Brian Beutler at Salon on the GOP and immigration. "After talking it over with John Boehner last night, Joe Biden says he’s pretty confident that House Republicans will be able to pass a consensus immigration reform bill. According to Nancy Pelosi, she believes Republicans will adopt a reasonable position on immigration reform that most if not all Democrats will ultimately support," Beutler explains. "Presumably Democrats would never agree to an immigration reform bill that immigrants themselves believe would make their lives more difficult — so the worst possible outcome here is probably that nothing happens at all. No bill. But right now, the best possible outcome hinges on this bizarre metaphysics of guaranteed citizenship," he argues. "It's ... possible that Republicans will make legalization precluding citizenship, or making citizenship effectively unattainable, their final offer. And I’m not sure Democrats and advocates have adequately grappled with the bind that would place them in," Beutler writes. The Washington Post's Greg Sargent tweets, "Here's the nightmare scenario for immigration reformers, detailed by ." 

Damon Linker at The Week on National Review"Climate scientist Michael Mann is suing National Review and Mark Steyn, one of its leading writers, for defamation," Linker explains. "It's a charge that's notoriously hard to prove, which is no doubt why the magazine initially refused to apologize for an item on its blog in which Steyn accused Mann of fraud. Steyn also quoted a line by another conservative writer (Rand Simberg) that called Mann "the Jerry Sandusky of climate science, except that instead of molesting children, he has molested and tortured data." (Simberg and the free market think tank for which he works, the Competitive Enterprise Institute, are also named in the suit)," Linker writes. "The lawsuit has not been going well for the magazine." Steyn has criticized the female judge who's refused to dismiss the case, and now Steyn's attorneys have dropped him as a client. It's a mess. "Now, the lawsuit may well be dismissed down the road. But the longer it continues, the more likely it becomes that Mann will eventually prevail, either by forcing an expensive settlement or by prevailing in court and winning a substantial penalty from the defendants. It's doubtful that National Review could survive either outcome," Linker argues. Zach Beauchamp at Think Progress tweets, "Fantastic column on the National Review suit, and why tolerating buffoons like Steyn hurts conservatives." 

Gail Collins at The New York Times on pre-K. "All of a sudden, early childhood education is really, really popular. Everybody’s favorite," Collins writes. "The other night at the State of the Union speech, President Obama mentioned 'high-quality early education' and John Boehner applauded. Boehner applauded early education! Paul Ryan likes it, too," she notes. "Here in New York, we’re having a political dispute that pits the let’s-just-cheer camp against the pick-a-tax crowd. Mayor Bill de Blasio wants to pay for universal prekindergarten for New York City 4-year-olds with an increase in the income tax rate for high income city residents. He got elected on this issue, but he needs the state’s permission," Collins argues. "So here’s the question: How much of the new enthusiasm for early childhood education is real, and how much is just an attempt to dodge the whole inequality debate? Maybe we could agree that no politician is allowed to mention pre-k without showing us the money."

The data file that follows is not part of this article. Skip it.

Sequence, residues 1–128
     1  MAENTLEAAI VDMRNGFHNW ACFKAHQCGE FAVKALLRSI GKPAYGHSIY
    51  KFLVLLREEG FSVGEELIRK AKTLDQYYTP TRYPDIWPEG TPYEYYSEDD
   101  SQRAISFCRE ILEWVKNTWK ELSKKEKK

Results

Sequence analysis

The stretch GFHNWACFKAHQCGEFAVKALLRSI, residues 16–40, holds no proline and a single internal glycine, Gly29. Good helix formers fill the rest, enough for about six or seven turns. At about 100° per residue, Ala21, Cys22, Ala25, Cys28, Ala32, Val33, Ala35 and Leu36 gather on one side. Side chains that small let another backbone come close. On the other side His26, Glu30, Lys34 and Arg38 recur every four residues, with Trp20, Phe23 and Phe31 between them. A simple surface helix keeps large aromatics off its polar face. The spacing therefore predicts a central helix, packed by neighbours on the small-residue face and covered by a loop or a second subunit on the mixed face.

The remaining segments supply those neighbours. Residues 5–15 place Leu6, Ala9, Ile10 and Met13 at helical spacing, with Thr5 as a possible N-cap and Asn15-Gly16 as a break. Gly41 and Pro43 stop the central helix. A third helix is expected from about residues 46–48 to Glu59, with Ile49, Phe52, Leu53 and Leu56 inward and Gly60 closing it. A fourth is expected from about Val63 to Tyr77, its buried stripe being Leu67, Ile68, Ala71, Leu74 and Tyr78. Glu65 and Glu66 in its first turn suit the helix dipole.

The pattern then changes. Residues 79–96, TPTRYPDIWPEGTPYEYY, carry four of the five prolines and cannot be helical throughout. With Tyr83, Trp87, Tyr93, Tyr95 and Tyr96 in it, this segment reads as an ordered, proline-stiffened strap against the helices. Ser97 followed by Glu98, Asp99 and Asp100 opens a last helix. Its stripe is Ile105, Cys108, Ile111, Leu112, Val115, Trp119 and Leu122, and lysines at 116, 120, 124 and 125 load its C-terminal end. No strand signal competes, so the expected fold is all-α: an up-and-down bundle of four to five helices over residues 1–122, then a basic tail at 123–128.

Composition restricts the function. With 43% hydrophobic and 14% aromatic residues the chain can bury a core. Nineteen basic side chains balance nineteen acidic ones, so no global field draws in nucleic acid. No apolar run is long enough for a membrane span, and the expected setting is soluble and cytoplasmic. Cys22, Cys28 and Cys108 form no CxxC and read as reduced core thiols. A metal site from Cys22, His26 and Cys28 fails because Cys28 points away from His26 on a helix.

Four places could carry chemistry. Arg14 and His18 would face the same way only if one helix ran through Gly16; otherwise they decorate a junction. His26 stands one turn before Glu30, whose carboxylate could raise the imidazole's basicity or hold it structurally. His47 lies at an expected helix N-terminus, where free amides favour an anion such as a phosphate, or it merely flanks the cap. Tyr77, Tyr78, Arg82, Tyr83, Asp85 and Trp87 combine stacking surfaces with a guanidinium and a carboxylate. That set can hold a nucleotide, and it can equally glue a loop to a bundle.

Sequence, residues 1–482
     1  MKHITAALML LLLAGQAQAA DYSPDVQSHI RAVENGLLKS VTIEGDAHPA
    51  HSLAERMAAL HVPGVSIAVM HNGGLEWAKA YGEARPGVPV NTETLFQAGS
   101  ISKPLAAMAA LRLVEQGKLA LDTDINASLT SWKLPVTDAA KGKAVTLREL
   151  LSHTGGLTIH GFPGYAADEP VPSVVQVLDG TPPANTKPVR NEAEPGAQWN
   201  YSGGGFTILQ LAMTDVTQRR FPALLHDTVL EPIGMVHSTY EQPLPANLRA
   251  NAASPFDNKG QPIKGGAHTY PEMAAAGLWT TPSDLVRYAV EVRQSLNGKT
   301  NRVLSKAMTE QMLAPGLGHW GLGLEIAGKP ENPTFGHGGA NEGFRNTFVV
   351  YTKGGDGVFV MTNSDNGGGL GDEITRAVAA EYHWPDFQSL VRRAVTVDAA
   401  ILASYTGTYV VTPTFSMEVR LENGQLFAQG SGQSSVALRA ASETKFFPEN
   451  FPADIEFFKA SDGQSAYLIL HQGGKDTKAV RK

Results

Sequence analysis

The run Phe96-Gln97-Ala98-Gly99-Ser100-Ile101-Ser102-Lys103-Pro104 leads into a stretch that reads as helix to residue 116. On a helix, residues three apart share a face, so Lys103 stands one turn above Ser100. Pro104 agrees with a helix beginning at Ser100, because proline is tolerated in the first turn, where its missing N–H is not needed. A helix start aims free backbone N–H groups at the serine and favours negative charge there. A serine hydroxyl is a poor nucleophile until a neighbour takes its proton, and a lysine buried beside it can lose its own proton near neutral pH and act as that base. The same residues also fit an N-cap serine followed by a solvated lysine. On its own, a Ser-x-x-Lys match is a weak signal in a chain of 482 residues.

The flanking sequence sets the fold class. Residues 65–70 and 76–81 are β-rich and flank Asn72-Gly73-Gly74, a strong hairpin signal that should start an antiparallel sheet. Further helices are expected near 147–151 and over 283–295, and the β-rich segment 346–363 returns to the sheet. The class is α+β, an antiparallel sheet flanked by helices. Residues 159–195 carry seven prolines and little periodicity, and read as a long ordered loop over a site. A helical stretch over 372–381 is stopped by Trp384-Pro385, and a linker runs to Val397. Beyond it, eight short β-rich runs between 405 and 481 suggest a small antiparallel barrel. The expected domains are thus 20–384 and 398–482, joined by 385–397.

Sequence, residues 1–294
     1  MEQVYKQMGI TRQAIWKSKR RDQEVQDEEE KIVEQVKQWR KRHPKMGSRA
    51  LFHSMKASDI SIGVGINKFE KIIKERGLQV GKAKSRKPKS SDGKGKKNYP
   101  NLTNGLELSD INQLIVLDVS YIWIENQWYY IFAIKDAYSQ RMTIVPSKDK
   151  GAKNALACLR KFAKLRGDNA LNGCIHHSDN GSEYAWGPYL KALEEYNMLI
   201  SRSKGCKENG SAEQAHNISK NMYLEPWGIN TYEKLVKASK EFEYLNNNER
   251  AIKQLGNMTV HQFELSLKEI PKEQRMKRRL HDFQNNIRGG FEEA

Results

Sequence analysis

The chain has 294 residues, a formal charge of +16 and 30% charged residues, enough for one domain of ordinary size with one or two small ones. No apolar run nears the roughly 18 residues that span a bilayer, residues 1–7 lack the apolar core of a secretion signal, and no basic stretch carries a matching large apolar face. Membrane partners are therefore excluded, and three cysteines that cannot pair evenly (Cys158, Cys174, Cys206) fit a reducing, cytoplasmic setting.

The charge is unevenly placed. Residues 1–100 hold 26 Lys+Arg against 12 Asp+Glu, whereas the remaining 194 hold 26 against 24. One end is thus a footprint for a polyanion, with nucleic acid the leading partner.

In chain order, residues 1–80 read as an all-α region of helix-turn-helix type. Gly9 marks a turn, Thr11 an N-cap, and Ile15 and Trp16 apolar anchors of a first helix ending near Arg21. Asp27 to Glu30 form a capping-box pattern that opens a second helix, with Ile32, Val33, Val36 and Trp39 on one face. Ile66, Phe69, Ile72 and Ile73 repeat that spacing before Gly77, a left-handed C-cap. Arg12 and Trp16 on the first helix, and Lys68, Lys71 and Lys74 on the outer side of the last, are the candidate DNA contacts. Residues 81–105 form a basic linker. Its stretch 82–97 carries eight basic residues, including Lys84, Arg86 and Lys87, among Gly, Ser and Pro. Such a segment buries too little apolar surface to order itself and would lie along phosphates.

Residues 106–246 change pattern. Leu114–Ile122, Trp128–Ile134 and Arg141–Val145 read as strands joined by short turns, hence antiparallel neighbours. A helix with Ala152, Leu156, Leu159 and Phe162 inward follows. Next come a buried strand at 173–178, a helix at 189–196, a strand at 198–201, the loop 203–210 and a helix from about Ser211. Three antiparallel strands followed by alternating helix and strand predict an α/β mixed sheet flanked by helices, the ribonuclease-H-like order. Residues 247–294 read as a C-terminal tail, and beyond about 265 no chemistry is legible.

Seth D. Michaels at Talking Points Memo says Mitch McConnell thinks you're stupid. On Sunday, "the Senate minority leader insisted congressional Republicans have to use the debt ceiling to extract concessions. McConnell's brilliance is just how much dishonesty he can pack into so few words," Michaels argues. "At the heart of McConnell's audacious bull is his reference to 'the request of the President to raise the debt ceiling,' in order to give the impression that a debt ceiling increase is a favor to President Obama. It's not and he knows it. This is actually pretty simple. Congress sets revenue levels. Congress sets spending levels. That's how the system works, as laid out in the Constitution," he writes. It would be like the Seahawks refusing to kick off to the Broncos at the Super Bowl unless they got points in exchange. "Mitch McConnell thinks we're stupid enough to let him get away with this. Political reporters shouldn't help him out," Michaels writes. Dave Stroup, the digital communications manager at the Democratic Senatorial Campaign Committee, tweets this comparison from Michaels: "If the Broncos won't sit down and negotiate, it'll be their own fault if the Super Bowl gets canceled."

William Galston at Politico on income inequality. "While the usual clash between liberal and conservative economic views has gotten most of the attention, a quiet but intense debate has been taking place among Democrats," Galston writes. What is to be done [about income inequality]? I’m not sure. But I have a hunch of where to begin—with a concerted effort to reverse the alarming slide in labor force participation," he argues. "Clearly, the aging of the population cannot explain these trends—for whatever combination of reasons, younger and middle-aged workers, not just the elderly, are dropping out of the U.S. job force. If not reversed, these trends will depress national output, slow the growth of household incomes and make it increasingly difficult both to finance a dignified retirement for aging Americans and to make decent provision for poor and disabled Americans."